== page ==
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A 'gray' divorce could cause a setback in retirement for some

Not every marriage is meant to last, no matter what your age. Mississippi residents may have heard of the term "gray divorce," but may not know what it means. A gray divorce is one in which the parties are over age 50. In fact, the divorce rate of those over age 50 has increased twofold from 1990 to 2010. These late-in-life divorces can have a significant impact on a person's ability to support himself or herself, often pushing the individuals involved, particularly women, to delay retirement or even re-enter the workforce.

One survey reports that the later in life a woman divorces, the more apt she is to have to work full time later in life. The survey found that, compared to those whose marriage ended prior to age 30, those whose marriage ended when they were in their 50s were 10 percent more likely to be full-time employees between the ages of 50 and 74.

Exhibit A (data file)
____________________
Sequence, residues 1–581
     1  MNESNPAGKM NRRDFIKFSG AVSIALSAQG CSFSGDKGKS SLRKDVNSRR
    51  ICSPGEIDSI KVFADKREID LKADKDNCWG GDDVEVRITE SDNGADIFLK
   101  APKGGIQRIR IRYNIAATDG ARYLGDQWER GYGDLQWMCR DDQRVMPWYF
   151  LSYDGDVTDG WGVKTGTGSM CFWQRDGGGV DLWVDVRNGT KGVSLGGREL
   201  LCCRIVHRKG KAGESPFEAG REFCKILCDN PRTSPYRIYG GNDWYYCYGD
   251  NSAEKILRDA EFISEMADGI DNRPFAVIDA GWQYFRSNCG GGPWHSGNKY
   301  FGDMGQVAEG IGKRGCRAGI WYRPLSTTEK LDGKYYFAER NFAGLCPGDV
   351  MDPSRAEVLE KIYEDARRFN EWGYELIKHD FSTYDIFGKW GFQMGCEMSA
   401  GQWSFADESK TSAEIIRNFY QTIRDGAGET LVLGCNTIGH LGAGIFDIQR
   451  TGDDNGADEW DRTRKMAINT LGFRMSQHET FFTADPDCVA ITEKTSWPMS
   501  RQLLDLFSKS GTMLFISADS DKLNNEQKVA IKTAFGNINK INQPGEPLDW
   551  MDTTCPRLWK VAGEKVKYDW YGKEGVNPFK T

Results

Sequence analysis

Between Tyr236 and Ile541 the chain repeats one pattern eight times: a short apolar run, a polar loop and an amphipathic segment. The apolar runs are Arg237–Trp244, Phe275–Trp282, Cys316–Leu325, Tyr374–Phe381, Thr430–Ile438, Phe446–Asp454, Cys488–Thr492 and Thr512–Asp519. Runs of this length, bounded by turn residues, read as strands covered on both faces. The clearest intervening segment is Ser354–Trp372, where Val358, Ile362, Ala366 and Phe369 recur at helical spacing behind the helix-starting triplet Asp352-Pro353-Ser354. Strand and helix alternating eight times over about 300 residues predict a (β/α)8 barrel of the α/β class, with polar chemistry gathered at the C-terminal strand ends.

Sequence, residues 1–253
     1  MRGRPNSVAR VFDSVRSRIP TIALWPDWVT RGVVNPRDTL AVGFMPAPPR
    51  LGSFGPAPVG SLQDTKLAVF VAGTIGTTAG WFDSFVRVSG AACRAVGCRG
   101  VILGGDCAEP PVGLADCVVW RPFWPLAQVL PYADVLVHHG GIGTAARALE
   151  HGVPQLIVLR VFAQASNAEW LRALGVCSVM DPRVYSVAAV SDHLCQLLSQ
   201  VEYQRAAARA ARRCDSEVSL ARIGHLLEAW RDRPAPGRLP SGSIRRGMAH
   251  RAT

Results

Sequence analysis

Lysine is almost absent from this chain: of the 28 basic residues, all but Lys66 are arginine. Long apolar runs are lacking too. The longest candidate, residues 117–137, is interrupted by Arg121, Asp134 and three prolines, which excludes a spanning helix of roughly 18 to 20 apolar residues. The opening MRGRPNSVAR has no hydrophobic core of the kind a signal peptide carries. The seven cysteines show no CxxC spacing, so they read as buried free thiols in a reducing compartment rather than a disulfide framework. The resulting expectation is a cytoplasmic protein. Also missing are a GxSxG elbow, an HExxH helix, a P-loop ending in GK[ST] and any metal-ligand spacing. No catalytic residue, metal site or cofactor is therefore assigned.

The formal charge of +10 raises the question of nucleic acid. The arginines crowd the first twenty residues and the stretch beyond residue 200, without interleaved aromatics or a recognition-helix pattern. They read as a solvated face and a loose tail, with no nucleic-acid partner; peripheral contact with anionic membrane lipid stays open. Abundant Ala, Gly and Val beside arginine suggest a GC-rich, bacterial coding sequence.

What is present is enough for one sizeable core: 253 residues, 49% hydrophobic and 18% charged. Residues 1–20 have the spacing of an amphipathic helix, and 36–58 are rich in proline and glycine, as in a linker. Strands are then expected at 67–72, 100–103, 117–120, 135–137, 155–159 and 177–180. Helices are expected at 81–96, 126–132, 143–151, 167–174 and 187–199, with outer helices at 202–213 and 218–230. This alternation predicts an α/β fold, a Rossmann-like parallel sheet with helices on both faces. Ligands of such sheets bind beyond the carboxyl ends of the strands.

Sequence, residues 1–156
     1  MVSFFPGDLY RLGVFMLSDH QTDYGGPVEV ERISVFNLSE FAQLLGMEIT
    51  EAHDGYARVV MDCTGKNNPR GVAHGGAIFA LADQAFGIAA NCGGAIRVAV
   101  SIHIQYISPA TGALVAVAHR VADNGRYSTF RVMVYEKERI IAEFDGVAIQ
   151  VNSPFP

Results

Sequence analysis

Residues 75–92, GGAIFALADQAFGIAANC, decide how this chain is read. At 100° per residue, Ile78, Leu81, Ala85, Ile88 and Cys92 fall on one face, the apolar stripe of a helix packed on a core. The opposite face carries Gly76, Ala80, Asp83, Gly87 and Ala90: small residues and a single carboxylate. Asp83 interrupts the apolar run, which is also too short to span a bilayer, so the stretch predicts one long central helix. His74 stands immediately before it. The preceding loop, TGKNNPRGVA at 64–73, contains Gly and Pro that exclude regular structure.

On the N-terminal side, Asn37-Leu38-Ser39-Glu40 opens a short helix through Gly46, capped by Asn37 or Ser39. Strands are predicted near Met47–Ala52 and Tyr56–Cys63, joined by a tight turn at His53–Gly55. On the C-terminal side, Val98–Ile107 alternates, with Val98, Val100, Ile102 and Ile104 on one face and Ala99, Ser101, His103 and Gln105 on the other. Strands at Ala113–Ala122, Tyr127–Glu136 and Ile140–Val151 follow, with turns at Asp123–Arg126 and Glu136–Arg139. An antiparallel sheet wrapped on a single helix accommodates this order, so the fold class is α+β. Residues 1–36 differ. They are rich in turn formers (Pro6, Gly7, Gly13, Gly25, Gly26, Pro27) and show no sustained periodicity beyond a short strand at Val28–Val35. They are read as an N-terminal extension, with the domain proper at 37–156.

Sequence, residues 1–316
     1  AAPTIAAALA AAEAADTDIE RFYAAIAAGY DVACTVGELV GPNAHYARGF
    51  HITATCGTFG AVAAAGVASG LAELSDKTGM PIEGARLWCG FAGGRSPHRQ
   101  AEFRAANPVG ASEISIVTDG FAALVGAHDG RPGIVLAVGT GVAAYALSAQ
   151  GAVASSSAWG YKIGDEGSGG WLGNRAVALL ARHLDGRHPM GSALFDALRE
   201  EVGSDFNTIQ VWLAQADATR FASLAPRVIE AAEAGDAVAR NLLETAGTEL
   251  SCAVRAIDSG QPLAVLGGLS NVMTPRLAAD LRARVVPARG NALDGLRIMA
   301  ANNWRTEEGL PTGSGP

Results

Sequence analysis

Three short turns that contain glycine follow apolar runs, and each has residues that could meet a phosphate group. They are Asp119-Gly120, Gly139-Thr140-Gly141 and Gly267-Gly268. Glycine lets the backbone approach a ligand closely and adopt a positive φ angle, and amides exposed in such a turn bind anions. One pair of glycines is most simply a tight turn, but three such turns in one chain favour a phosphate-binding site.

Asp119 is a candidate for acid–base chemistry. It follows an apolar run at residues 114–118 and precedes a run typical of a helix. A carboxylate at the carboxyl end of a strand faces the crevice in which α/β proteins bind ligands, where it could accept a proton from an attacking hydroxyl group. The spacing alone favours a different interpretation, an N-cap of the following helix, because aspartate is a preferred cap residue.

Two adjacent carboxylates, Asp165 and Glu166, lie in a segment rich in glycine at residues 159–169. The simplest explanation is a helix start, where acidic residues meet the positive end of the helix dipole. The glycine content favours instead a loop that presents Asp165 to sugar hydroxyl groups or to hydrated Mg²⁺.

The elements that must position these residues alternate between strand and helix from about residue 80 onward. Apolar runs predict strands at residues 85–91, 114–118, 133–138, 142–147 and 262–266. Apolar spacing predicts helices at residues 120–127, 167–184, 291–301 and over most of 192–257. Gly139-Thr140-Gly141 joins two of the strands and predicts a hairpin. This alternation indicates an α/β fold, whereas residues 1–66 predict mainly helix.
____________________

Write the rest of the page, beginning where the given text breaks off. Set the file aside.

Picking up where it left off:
This may be because for some individuals, getting a divorce significantly impacts their finances. It's a lot more than simply paying the court fees. When a couple divorces, each partner has to set up a new individual home on his or her own, which costs money. Moreover, if a woman who is getting a divorce has a child, she may wish to keep the family home for the sake of the child and will often do so in exchange for retirement assets. However, in the end, this can be a costly expense. Not only is it expensive to maintain a home, but it can cause a person to fall years behind in their retirement planning.

As this shows, the long-term financial effects divorce has on some people can be significant. However, one should not feel trapped in an unhappy marriage. An attorney may be able to advise clients on how to protect their retirement savings and other assets in the event of a divorce. Moreover, it may be possible for spouses to seek spousal support in certain circumstances, which can also help a person out financially. There are ways that a person can divorce without having to postpone retirement, which will allow them to remain financially self-sufficient post-divorce.

Source: Bloomberg, "Divorce Is Destroying Retirement," Ben Steverman, Oct. 17, 2016

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